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The insulin-like growth factor 2 (IGF2) mRNA-binding protein p62/IGF2BP2-2 as a promoter of NAFLD and HCC?
  1. Yvette Simon1,
  2. Sonja M Kessler1,2,
  3. Rainer M Bohle3,
  4. Johannes Haybaeck2,
  5. Alexandra K Kiemer1
  1. 1 Department of Pharmacy, Saarland University, Pharmaceutical Biology, Saarbrücken, Saarland, Germany
  2. 2 Institute of Pathology, Medical University of Graz, Graz, Austria
  3. 3 Department of Pathology, Saarland University, Homburg/Saar, Germany
  1. Correspondence to Prof. Alexandra K Kiemer, Department of Pharmacy, Saarland University, Pharmaceutical Biology, P.O. box 15 11 50, Saarbrücken 66041, Germany; pharm.bio.kiemer{at}mx.uni-saarland.de

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Non-alcoholic fatty liver disease (NAFLD) represents the most common hepatic manifestation of chronic liver diseases in developed countries. Since non-alcoholic steatohepatitis (NASH) is responsible for a large proportion of cryptogenic cirrhosis and cirrhosis represents the main risk factor for hepatocellular carcinoma (HCC), HCC is a severe complication of end-stage NAFLD.1

Recent evidence published in this journal showed the therapeutic potential of an inhibition of the chemokine (C-C motif) ligand 2 (CCL2)/monocyte chemoattractant protein-1 (MCP-1) in NASH.2 The study by Baeck et al elegantly demonstrated that the pharmacological administration of an RNA oligonucleotide against MCP-1 ameliorates murine steatosis and inflammation. Since mice deficient of the MCP-1 receptor also showed attenuated fibrosis, MCP-1 was suggested as a critical link in the axis steatosis–inflammation–fibrosis.2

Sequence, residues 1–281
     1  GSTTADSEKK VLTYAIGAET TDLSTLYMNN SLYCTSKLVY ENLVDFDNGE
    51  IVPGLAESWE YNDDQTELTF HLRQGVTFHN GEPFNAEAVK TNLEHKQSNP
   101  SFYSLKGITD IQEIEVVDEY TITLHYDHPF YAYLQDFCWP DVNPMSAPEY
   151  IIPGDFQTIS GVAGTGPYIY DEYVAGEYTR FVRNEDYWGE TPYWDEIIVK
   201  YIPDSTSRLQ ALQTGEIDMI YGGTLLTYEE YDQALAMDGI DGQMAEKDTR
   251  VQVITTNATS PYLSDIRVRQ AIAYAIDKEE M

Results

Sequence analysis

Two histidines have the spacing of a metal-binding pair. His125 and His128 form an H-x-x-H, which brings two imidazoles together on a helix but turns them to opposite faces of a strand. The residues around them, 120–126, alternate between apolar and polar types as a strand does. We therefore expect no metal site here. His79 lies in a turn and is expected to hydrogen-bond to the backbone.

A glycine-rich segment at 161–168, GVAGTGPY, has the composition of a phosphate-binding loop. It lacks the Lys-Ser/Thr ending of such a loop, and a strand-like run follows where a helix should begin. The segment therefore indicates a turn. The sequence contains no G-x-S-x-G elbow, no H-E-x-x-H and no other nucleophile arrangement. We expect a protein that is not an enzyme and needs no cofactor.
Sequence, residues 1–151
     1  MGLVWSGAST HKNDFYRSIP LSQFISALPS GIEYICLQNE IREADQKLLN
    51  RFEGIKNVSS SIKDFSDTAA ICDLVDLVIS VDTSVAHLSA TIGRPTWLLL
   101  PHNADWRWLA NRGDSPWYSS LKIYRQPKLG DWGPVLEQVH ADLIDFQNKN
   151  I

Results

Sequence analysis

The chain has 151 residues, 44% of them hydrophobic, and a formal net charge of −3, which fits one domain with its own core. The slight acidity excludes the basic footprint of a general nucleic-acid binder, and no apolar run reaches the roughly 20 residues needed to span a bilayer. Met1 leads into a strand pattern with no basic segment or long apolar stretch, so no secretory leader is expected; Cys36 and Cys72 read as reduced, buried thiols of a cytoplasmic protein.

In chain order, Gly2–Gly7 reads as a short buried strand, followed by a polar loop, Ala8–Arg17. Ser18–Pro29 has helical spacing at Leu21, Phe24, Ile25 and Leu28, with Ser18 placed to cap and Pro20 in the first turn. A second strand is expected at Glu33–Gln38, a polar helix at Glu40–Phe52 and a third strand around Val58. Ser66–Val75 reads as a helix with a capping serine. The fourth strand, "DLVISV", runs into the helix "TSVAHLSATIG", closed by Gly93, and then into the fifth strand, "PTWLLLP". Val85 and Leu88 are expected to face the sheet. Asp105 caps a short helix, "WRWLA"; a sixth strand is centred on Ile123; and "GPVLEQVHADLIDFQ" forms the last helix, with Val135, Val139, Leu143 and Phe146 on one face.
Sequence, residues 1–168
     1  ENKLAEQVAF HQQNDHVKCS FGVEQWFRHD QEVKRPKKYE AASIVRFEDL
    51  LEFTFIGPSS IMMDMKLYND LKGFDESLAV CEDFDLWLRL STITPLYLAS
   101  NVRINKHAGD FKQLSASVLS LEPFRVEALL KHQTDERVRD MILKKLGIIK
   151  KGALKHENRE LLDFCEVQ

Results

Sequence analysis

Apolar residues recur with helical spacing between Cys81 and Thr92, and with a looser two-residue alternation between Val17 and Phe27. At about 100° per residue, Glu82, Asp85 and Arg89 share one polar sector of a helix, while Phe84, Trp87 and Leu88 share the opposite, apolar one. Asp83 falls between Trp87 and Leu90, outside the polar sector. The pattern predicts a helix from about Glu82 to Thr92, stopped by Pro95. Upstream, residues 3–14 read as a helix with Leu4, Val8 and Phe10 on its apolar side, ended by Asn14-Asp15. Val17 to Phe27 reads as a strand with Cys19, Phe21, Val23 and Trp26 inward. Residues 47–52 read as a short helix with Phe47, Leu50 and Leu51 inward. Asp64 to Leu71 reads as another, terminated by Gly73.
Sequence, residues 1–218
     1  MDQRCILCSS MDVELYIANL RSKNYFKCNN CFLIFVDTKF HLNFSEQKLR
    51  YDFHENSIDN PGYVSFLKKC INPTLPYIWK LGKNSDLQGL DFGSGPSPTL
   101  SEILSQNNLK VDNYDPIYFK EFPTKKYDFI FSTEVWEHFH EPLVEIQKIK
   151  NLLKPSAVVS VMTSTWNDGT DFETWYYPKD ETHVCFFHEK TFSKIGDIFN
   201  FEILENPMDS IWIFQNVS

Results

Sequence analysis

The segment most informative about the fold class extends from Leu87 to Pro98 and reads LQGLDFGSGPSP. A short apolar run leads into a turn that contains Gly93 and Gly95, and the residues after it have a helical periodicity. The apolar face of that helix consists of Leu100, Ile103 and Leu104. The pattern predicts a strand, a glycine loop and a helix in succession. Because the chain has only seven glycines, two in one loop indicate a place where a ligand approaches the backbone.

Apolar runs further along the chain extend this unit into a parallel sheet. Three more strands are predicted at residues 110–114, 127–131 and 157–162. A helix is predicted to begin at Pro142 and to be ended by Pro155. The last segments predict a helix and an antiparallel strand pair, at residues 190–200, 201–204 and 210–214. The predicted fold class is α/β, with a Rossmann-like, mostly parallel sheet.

Here, we report that animals with a liver-specific overexpression of the insulin-like growth factor 2 (IGF2) mRNA-binding protein p62/IMP2-2/IGF2BP2-2 exhibit distinctly elevated Ccl2 expression levels (figure 1A) when fed a methionine–choline-deficient (MCD) diet, which models all hepatic stages of NAFLD. Accordingly, in addition to elevated inflammatory gene expression, p62 transgenics had higher fat deposition (figure 1B) …

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